Hawaii Five-O

Hawaii Five-O

Synopsis of TV Show

“Book ‘em, Dano!”

Jack Webb may have invented the cop show format with Dragnet, but it took a character actor named Jack Lord to take it to the pinnacle of its success with Hawaii Five-O. This classic program juxtaposed traditional cops-and-robbers thrills against the scenic backdrop of Hawaii to become the longest-running police show of all time. Twenty years later, this exotic action drama continues to justify its place in television history by remaining a top favorite in television syndication.

Hawaii Five-O focused on Steve McGarrett, an intense and dedicated cop who headed a division of the Hawaiian State Department known as Five-O. This elite unit reported directly to the governor of Hawaii and focused their efforts on eliminating the Hawaiian criminal underground. Assisting McGarrett in his war on crime were Danny “Dano” Williams, his top assistant, and Chin Ho Kelly. McGarrett’s main enemy was Wo Fat, the slippery criminal mastermind who always narrowly escaped major trouble before McGarrett could put him behind bars.

The beauty of Hawaii Five-O lay in its straightforward and reliable nature. This viewer-pleasing consistency had a lot to do with the fact that star Jack Lord was involved in most aspects of the show’s production. The episodes tended to be clear-cut crime dramas that were usually solved by the end of the show. Plots usually touched on pressing social issues of the day, like the Vietnam War or drug addiction. No matter what the situation was, we always knew that Jack Lord would remain unflappably cool throughout, there would be plenty of tantalizing Hawaiian vistas (the show was shot entirely on location), and justice would prevail by the end of the story.

Jack Lord’s performance as McGarrett was the other vital key to the show’s popularity. Looking dapper in a neat suit and an immaculately groomed, jet-black pompadour, this was one cool cop. Whether he was dealing with a government bigwig or the lowliest criminal scumbag, McGarrett never took guff from anyone and always got the job done. In true cop-hero fashion, he couldn’t have cared less about the ‘rights’ of the criminals he hounded: for instance, it wasn’t uncommon for him to begin the search of a bad guy’s living space with the words, “Gentlemen, I want this place turned inside out.”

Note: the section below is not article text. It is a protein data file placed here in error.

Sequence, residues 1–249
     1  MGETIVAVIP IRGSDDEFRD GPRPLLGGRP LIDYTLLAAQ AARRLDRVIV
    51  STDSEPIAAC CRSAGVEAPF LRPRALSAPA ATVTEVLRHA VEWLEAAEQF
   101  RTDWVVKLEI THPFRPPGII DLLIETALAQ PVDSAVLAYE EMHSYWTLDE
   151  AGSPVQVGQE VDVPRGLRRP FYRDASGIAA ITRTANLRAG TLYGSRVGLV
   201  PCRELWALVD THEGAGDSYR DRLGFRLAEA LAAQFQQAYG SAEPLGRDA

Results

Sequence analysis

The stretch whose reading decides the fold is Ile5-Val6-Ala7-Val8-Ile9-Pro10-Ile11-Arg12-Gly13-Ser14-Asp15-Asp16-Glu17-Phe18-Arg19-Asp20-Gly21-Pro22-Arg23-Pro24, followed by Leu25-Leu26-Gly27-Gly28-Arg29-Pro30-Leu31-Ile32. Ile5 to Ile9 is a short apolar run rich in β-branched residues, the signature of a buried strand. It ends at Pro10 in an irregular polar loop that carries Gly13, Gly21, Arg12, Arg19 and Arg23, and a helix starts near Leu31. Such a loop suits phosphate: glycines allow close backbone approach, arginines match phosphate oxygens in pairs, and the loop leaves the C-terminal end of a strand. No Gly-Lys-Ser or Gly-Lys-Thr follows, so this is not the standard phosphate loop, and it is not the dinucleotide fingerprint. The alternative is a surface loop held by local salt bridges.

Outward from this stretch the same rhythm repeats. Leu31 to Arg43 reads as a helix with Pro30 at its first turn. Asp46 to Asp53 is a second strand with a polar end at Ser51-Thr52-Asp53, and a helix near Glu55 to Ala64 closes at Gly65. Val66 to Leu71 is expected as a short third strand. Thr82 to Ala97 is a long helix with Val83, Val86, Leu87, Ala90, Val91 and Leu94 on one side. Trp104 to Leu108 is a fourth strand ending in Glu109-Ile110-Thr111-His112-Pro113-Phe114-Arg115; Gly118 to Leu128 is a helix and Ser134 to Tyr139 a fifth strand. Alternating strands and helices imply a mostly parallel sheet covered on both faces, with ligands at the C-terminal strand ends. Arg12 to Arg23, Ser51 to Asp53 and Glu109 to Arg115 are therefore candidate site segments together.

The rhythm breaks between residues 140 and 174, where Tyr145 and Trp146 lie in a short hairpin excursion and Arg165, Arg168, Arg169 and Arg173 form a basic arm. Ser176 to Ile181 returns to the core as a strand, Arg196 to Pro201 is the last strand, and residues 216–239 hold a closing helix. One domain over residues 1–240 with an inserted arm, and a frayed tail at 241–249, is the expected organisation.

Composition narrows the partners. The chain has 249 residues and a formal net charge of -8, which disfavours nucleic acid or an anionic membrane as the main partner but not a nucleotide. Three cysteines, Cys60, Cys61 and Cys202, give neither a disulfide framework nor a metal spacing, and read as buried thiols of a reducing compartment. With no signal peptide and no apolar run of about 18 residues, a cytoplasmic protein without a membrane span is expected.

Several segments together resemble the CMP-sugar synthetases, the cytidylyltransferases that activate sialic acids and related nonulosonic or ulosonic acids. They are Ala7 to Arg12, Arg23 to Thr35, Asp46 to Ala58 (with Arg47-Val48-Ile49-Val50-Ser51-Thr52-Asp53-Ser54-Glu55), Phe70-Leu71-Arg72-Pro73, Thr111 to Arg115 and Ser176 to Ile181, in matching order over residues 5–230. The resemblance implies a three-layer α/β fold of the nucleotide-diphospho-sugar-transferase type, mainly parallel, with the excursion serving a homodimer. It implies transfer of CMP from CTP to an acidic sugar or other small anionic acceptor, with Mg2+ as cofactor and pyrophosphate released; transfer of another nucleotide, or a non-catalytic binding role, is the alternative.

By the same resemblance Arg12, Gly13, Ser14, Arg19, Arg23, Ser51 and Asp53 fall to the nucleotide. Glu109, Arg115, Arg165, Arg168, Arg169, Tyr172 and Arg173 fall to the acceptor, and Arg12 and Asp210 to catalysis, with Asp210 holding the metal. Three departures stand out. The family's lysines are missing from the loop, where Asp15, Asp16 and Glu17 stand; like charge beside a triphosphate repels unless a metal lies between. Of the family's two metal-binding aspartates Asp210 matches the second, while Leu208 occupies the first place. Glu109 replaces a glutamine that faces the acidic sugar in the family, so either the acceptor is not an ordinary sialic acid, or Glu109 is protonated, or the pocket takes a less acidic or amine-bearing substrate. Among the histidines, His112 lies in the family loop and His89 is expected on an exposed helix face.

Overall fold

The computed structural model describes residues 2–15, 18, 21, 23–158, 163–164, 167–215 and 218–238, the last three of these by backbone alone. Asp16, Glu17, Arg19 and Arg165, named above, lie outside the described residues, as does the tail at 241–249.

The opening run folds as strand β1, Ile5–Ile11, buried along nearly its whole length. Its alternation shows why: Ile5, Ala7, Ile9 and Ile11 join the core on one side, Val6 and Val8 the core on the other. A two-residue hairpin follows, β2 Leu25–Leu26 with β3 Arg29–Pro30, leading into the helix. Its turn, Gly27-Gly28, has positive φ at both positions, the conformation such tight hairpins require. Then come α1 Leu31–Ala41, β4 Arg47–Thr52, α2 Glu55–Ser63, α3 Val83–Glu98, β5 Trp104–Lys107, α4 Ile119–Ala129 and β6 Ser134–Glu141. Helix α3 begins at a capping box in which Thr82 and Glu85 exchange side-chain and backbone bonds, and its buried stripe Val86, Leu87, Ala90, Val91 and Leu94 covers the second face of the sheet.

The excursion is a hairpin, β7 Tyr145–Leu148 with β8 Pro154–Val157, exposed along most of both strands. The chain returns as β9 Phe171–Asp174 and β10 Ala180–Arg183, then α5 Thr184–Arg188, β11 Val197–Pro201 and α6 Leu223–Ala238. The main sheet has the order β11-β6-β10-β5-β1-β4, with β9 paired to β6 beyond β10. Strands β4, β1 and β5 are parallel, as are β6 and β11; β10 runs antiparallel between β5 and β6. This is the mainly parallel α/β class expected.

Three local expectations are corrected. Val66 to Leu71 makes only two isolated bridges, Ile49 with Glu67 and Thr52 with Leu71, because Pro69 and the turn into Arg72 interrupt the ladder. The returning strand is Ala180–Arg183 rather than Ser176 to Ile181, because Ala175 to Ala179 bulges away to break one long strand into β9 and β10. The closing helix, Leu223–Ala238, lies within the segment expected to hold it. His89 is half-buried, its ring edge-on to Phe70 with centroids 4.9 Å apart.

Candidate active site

The combination of unique locales and reliable action scenarios helped make Hawaii Five-O a long-running hit. The show also influenced other aspects of pop culture: for instance, the instrumental pop group The Ventures scored a smash hit with their surf-rock version of the show’s horn-driven theme song, and McGarrett’s oft-spoken phrase, “Book ‘em, Dano!” became a vital part of the American slang lexicon. After hitting it big in the late 1960’s, Hawaii Five-O remained popular throughout the entirety of the 1970’s and ended its run in 1980 after an extremely impressive 278 episodes. Appropriately, the final episode let McGarrett finally apprehend and imprison his longtime foe, Wo Fat.

Today, Hawaii Five-O remains deathlessly popular in rerun form. All over the world, this show continues to be a staple of syndicated programming. Meanwhile, Jack Lord has attained icon status in the world of hipster cool, and the show’s punchy theme song has become a perennial favorite on oldies radio. This long-standing success proves that Hawaii Five-O has surpassed its initial cop-show-with-a-gimmick status to become a vital part of American pop culture.

Release History of Prime Time Show

9/26/68 - 4/26/80 CBS

TV Sub Categories


Television Network


Television Studio

Paramount Television

TV Cast

Det. Steve McGarrett Jack Lord
Det. Danny Williams(1968-79) James MacArthur
Det. Chin Ho Kelly(1968-78) Kam Fong
Det. Kono Kalakaua(1968-72) Zulu
Wo Fat(1968-76, 1980) Khigh Dhiegh
Gov. Paul Jameson(1968-80) Richard Denning
Det. Ben Kokua(1972-74) Al Harrington
Che Fong(1969-77) Harry Endo
Doc Bergman(1970-76) Al Eben
May(1968-1969) Maggi Parker
Jenny Sherman(1969-76) Peggy Ryan
Luana(1978-80) Laura Sode
Edward D. "Duke" Lukela(1972-80) Herman Wedemeyer
Att. Gen. Walter Stewart(1968-69) Morgan White
Att. Gen. John Manicote(1972-77) Glenn Cannon
James "Kimo" Carew(1979-80) William Smith
Truck Kealoha(1979-80) Moe Keale
Lori Wilson(1979-80) Sharon Farrell
Che Fong(1968-69)/Nick Noble (1974-75) Danny Kamekona
Det. Frank Kemana(1975) Douglas Mossman
Jonathan Kaye(1968-72) Joseph Sirola

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